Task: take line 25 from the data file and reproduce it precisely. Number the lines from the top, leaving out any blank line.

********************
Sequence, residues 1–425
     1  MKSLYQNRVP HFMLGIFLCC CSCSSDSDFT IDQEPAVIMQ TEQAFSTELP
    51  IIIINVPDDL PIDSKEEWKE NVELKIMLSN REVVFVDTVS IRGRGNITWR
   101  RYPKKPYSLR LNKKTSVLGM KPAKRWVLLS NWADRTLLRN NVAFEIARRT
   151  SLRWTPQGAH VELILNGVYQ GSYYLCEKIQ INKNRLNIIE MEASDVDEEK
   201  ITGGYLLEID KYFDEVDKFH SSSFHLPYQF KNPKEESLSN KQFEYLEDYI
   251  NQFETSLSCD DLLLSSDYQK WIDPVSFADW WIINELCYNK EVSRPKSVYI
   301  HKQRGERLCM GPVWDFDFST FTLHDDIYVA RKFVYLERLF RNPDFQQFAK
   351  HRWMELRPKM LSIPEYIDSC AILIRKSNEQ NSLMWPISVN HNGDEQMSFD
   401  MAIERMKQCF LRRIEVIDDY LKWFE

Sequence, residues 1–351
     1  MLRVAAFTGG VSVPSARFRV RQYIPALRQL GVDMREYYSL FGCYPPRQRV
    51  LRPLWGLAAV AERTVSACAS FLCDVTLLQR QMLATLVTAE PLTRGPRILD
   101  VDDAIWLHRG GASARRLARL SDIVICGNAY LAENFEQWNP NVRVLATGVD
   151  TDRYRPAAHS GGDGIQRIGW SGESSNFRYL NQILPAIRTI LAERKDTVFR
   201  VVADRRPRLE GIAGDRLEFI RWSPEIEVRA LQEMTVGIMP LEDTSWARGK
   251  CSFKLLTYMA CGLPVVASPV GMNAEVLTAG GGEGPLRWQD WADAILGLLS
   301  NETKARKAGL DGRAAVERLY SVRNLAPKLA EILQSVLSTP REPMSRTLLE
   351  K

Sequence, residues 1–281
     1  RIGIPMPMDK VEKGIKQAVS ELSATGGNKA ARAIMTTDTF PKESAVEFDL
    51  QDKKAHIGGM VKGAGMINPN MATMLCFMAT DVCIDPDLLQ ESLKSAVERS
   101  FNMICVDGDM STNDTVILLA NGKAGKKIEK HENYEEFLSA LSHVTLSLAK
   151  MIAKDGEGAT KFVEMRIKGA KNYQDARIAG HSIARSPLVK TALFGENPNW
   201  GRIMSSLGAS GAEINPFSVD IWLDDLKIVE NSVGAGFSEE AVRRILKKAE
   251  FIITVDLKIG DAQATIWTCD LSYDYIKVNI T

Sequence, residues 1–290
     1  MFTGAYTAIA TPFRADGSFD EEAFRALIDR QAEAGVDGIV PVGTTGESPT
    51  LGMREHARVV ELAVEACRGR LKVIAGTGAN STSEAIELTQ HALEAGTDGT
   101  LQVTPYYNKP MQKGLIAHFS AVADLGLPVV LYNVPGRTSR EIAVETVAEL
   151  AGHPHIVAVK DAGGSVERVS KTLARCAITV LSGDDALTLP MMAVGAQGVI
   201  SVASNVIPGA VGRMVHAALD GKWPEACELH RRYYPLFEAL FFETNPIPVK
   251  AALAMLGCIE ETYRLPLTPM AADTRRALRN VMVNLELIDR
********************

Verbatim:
   201  GRIMSSLGAS GAEINPFSVD IWLDDLKIVE NSVGAGFSEE AVRRILKKAE